The good thing about AnySend is it’s one of those few apps that is cross platform. i.e, you can install Anysend on all devices like – Windows, MacOS, Android, iOS, Windows Phone etc and then use it to transfer files between them over WiFi. No internet connection needed. Typically you get anywhere from 2-10 MB/s transfer speed depending on your router.
7. Send Files via Email
This is a pretty old school way. But, if you have small files that you want to send it to the other computer or mobile device then you can follow this method. With this, you don’t have to install yet another software or need to configure your network file sharing.
To start off, simply zip the files you want to send, create an email, upload the zipped files as an attachment and then email it to yourself or save it as a draft. Once you are done sending the email, open the email on another computer and download the attachment.
One thing to keep in mind while using this method is there will be size limits on your attachments. For instance, Gmail only allows attachments up to 25MB. Other email providers have their own limits. Generally, you cannot use this method to share large files.
8. Airdrop for Mac
Airdrop feature on Mac is like HomeGroup on Windows but is much more refined and easy to use. Using Airdrop on Mac is pretty much like using the SHAREit app.
To start off, open the Finder on both your Macs and then select the option “Airdrop” from the left panel.
Once you open the Airdrop on both macs, you will see both your systems in the main window. Simply drag and drop the file or folder on to the other system in the Airdrop window. That’s it, the file will be automatically transferred to the other system.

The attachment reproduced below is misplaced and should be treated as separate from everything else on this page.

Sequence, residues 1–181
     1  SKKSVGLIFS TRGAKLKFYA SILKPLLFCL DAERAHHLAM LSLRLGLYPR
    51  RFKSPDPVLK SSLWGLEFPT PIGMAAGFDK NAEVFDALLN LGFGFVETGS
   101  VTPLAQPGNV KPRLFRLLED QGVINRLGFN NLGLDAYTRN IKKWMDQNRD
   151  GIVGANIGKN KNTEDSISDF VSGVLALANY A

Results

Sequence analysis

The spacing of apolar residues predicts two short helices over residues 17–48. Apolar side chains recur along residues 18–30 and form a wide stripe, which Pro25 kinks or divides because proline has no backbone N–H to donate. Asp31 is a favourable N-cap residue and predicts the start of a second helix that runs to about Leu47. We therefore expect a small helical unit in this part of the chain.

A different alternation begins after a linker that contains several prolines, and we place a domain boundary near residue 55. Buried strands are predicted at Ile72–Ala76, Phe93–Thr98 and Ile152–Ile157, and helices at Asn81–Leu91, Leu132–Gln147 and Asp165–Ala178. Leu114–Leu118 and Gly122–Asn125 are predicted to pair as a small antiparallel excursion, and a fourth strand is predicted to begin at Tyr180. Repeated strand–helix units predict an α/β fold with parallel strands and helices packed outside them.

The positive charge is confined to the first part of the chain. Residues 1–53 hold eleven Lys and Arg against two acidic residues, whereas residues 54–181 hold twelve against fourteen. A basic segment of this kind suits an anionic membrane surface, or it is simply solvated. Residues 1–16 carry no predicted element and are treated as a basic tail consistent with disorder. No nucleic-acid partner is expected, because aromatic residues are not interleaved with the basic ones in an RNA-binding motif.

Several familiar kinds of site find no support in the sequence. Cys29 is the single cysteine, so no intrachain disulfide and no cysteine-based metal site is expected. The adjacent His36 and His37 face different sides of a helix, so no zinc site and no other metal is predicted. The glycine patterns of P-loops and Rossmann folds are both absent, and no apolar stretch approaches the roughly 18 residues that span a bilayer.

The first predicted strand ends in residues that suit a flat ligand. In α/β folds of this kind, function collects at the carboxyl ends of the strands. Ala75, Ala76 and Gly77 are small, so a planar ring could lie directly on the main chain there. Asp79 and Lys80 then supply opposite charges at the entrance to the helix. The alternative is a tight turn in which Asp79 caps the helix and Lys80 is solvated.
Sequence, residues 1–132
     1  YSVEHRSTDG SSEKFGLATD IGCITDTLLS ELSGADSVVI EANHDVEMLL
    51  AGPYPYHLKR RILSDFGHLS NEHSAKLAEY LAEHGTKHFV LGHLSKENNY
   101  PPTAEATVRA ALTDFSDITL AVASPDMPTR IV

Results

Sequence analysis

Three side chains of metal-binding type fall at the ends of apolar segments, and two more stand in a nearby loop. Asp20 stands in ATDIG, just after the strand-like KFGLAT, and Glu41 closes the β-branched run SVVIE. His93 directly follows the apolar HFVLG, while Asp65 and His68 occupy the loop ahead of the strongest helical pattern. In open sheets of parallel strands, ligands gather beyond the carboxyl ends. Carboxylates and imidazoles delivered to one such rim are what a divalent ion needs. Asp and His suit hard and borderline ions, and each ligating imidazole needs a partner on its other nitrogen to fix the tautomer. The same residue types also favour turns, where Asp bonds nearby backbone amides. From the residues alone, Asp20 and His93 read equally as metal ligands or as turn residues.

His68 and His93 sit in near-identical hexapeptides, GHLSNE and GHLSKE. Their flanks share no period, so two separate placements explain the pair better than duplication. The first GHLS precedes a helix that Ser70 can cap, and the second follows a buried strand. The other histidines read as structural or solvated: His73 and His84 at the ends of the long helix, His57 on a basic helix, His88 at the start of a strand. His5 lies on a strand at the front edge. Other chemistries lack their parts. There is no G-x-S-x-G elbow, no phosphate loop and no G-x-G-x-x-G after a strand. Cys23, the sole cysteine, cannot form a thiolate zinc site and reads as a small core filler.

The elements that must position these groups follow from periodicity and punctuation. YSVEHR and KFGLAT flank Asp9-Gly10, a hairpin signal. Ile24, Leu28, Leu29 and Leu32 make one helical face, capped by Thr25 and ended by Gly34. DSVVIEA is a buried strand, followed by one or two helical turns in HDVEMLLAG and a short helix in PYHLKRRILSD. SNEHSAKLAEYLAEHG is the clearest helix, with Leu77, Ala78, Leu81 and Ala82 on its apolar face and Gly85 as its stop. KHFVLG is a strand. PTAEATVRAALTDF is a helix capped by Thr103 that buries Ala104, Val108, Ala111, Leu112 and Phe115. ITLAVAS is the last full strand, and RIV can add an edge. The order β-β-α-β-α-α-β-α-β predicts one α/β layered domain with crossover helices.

9. Share Files via FTP
Just like the email method, sharing files via FTP is pretty old but works like a charm. Most power users use this method to share and transfer files because creating your own FTP server is like creating your own private cloud. However, the process can be a bit complicated and may also confuse beginners.
For Windows, WindowsCentral has a good detailed article on how to enable and configure FTP server on Windows and you can find the guide for mac here. The good thing about this approach is you can access the files from anywhere you want.
10. Share Files via Bluetooth
Most desktops may not have Bluetooth built into them but most laptops and almost all the smartphones have the Bluetooth functionality. So, if both your devices have Bluetooth then you can use it to send files and folder between your devices. Depending on what device you are using, the method to enable and share the files with Bluetooth may vary.
So, play with your device settings or Google for specific instructions for your device to share the files via Bluetooth. However, do remember the Bluetooth sharing is pretty slow most of the times and is not that reliable.